Sunday, April 30, 2006

What would feminist nutritional information look like

I wrote a long response to an article in a local feminist 'zine called '10 Wise Ways to Women's Wellness'. I responded the way I did because I believed that the original article was not feminist (whatever the intentions or personal beliefs of the author). I also believed that that article could hurt women who read it.

That belief didn't come in the vacuum. I've got friends who read that article. Friends who have been talking to me about how hard they struggle against using ideas about healthy food to control food, how they've fought back against eating disorder thoughts and behaviour, that they'd found reinforced by everyone around them. Other friends who I've never really talked about food with, just watched and listened, as they talk about morality and food, as they talked about food and control, talked as if eating healthily was a political act and never known how to say 'I'm really, really scared for you'.

A number of people in the comments to that thread (including the original author) said that I should have been more constructive in my criticism. I'm not sure what they were looking for, but now I'm going to write about what I think feminist nutritional advice would look like.

Actually it wouldn't be nutritional advice, it would be nutritional information. A huge part of the feminist project has been fighting against a society that does not trust women to make decisions about their lives and about their bodies. So the aim would be to give women information about the way our bodies work, and what qualities different foods have. Rather than saying 'eat this' or 'don't eat that' feminist advice would trust women to make their own decisions, based on full information.

This would also end up with much better results. Our bodies are different. I have a family history of alcoholism, heart attacks, manic-depression, and cancer (actually that's just my grandfathers), but the women have all lived to a reasonably old age. Right now I have quite good health. My priorities in terms of preventative health would be to prioritise nuturing my brain (because the old age of women in my family means that brains may die before bodies), and to avoid fibroids (because there's a lot of that in my family). Friends who have quite different family histories might want very different things.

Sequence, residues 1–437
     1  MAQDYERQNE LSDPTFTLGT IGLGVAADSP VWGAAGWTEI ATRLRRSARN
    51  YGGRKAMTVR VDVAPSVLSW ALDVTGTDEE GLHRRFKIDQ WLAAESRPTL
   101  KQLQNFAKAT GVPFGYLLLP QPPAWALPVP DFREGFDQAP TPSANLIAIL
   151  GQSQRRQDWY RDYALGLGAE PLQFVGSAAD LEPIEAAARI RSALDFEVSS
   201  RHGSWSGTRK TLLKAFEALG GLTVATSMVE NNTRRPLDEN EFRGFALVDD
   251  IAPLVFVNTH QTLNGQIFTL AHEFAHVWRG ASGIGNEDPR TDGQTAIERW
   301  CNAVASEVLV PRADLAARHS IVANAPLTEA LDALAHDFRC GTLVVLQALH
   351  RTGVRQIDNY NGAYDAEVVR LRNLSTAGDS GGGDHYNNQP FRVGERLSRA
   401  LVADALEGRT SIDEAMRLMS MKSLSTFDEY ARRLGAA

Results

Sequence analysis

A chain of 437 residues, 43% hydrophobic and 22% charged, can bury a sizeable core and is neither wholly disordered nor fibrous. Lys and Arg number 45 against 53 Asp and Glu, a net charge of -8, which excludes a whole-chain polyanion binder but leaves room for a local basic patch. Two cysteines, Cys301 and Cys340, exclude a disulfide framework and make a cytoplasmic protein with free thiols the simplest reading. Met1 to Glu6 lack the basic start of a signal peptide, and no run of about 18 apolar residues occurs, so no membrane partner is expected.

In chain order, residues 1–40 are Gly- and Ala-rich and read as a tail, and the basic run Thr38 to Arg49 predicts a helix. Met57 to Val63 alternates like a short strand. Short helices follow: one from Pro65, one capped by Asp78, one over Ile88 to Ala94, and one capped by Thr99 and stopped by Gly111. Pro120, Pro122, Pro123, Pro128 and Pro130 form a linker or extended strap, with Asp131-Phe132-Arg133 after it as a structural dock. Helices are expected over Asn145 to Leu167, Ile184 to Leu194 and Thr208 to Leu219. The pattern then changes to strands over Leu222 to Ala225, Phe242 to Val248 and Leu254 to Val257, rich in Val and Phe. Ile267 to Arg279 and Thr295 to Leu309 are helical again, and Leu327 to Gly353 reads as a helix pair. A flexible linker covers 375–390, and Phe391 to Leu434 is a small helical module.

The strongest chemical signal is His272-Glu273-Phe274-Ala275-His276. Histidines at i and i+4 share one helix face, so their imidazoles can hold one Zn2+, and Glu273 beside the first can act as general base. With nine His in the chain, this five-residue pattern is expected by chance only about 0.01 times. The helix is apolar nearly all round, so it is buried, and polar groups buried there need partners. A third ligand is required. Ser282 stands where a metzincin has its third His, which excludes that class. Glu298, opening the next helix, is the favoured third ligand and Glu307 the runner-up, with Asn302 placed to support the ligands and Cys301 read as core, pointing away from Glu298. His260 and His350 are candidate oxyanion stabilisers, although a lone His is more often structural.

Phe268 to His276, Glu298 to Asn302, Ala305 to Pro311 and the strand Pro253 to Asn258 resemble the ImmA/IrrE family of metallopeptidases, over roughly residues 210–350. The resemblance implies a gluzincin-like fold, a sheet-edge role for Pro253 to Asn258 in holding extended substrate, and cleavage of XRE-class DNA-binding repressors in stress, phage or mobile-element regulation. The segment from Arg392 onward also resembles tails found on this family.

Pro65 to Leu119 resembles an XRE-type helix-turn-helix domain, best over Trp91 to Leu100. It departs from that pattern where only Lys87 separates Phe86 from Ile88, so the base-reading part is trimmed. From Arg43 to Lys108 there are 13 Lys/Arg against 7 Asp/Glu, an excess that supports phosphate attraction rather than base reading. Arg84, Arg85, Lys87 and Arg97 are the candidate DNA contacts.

But far more importantly feminist nutirtional information wouldn't just look at food and our bodies in isolation. Food and women's bodies are both loaded with meaning in our society. Women's bodies are there for almost everything, but the women who live in them. Food, and nuturing, are women's responsibility. We provide it, we care about it, we know about it. How women react to that differs, both on an individual basis, and depending on your class and ethnicity. Feminist nutritional information would take this into account.

So the fact that women in hetrosexual relationships usually do most of the cooking is as much an issue for feminist nutrition, as the use of hormones in factory farming. That most women hate their bodies and use food to punish themselves is as much of an issue as iron levels. The price of food is as much of an issue as the quality of that food.

Finally for nutritional information to be feminist, and just not harmful, it would need to go beyond individual women. It would have to be part of a project to fight back against everything I've described, not just a way for individual women to solve health problems they may have.

Now I work for a union, and I'm a feminist, but I wouldn't say I'm a feminist union organiser (I also don't think I'm a particularly radical union organiser). Feminist nutrition probably isn't possible as a job in the world you live in. It doesn't mean that feminists can't study nutrition, it just means that just because your a feminist and a nutritionist, doesn't make you a feminist nutritionist.


  1. My wife's in the food biz and would probably agree with you re attempting to ascribe morality to food. It all has a certain nutritional value, and some foods are so high in nutritional value that you're probably better off not sconning large quantities of them, but that's really about as much as you can say about it (although she'd also disagree with you I think re some types of fats being more harmful than others - that seems to have plenty of evidence backing it now).

    Sue Kedgely was in the paper yet again this morning with that whole bullshit about "healthy" vs "unhealthy" foods, this time re kids being given toys if they buy Macdonalds, and the "pester factor" for parents that results from this. "Well, you know what Sue? I get my kids to stop pestering me. I don't need a govt minister to assist me with this. I've had 10 years to figure this "parenting" shit out, and I've got the hang of it thanks. Maybe you could never say no to your kids, but do me the favour of not thinking I'm no better than you are."

    Your posts on nutrition ought to be required reading for the Health Select Committee Maia.

  2. Well, I personally am all for discouraging McDonald's, but more because of reasons Eric Schlosser describes in Fast Food Nation than because of nutritional reasons. I'm all for making sensible nutritional information available to peopl, but patronising them and being the "food police", however, is another story, and I'm really against the practice of equating diet with morality. Thanks for this post, Maia, it was most thought-provoking.